Journal Article

Thermal and Chlorophyll-Fluorescence Imaging Distinguish Plant-Pathogen Interactions at an Early Stage

Laury Chaerle, Dik Hagenbeek, Erik De Bruyne, Roland Valcke and Dominique Van Der Straeten

in Plant and Cell Physiology

Published on behalf of Japanese Society of Plant Physiologists

Volume 45, issue 7, pages 887-896
Published in print July 2004 | ISSN: 0032-0781
Published online July 2004 | e-ISSN: 1471-9053 | DOI: http://dx.doi.org/10.1093/pcp/pch097
Thermal and Chlorophyll-Fluorescence Imaging Distinguish Plant-Pathogen Interactions at an Early Stage

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  • Biochemistry
  • Molecular and Cell Biology
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Different biotic stresses yield specific symptoms, owing to their distinct influence on a plant’s physiological status. To monitor early changes in a plant’s physiological status upon pathogen attack, chlorophyll fluorescence imaging (Chl-FI) and thermography, which respectively visualize photosynthetic efficiency and transpiration, were carried out in parallel for two fundamentally different plant–pathogen interactions. These non-destructive imaging techniques were able to visualize infections at an early stage, before damage appeared. Under growth-room conditions, a robotized set-up captured time series of visual, thermal and chlorophyll fluorescence images from infected regions on attached leaves. As a first symptom of the plant–virus interaction between resistant tobacco and tobacco mosaic virus (TMV), thermal imaging detected a local rise in temperature while Chl-FI monitored a co-localized increase in fluorescence intensity. Chl-FI also revealed pre-symptomatic high-intensity spots for the plant–fungus system sugar beet–Cercospora beticola. Concomitantly, spots of lower temperature were monitored with thermography, in marked contrast with our observations on TMV-infection in tobacco. Knowledge of disease signatures for different plant–pathogen interactions could allow early identification of emerging biotic stresses in crops, facilitating the containment of disease outbreaks. Presymptomatic monitoring clearly opens perspectives for quantitative screening for disease resistance, either on excised leaf pieces or attached leaves.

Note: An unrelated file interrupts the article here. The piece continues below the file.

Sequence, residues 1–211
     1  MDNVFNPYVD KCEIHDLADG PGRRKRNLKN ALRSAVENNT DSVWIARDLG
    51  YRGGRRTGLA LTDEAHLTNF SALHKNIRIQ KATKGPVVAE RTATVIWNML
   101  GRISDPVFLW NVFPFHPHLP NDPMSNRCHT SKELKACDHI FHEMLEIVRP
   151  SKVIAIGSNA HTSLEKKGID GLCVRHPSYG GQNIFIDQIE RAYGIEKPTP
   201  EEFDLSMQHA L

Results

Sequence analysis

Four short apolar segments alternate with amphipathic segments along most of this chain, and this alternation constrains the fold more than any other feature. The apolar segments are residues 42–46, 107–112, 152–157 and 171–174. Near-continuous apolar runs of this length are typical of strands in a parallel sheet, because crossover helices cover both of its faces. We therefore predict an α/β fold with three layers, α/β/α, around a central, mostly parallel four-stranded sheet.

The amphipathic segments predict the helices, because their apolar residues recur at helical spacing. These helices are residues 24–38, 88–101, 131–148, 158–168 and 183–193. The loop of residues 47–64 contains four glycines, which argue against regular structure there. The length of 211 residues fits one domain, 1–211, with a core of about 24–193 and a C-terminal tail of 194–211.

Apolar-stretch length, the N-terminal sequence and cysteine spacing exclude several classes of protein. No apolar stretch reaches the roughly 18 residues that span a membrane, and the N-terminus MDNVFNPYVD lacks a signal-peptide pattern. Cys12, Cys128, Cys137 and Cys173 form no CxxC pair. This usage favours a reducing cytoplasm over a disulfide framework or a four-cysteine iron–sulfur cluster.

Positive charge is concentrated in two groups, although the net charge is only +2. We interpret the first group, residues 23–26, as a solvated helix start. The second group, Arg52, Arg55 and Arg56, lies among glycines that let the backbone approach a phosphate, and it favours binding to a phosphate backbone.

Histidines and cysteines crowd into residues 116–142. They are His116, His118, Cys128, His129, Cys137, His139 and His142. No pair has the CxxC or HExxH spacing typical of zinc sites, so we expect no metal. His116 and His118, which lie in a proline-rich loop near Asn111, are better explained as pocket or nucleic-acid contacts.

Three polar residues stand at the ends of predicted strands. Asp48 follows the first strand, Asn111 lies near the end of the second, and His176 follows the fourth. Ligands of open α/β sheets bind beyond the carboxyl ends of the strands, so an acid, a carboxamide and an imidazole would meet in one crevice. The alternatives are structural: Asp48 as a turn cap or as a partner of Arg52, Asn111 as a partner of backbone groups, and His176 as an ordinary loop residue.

Keywords: Keywords: Cercospora beticola Sacc. — Chlorophyll fluorescence imaging — Hypersensitive response — Plant–pathogen interaction — Thermography — Tobacco mosaic virus.; Abbreviations: Chl-FI, chlorophyll fluorescence imaging; DPI, days post infection; FL, chlorophyll fluorescence image captured after low intensity excitation; FH, chlorophyll fluorescence image captured after high intensity excitation; FIS, fluorescence imaging system; HR, hypersensitive response; PEA, plant efficiency analyzer; SA, salicylic acid; TMV, tobacco mosaic virus.

Journal Article.  7782 words.  Illustrated.

Subjects: Biochemistry ; Molecular and Cell Biology ; Plant Sciences and Forestry

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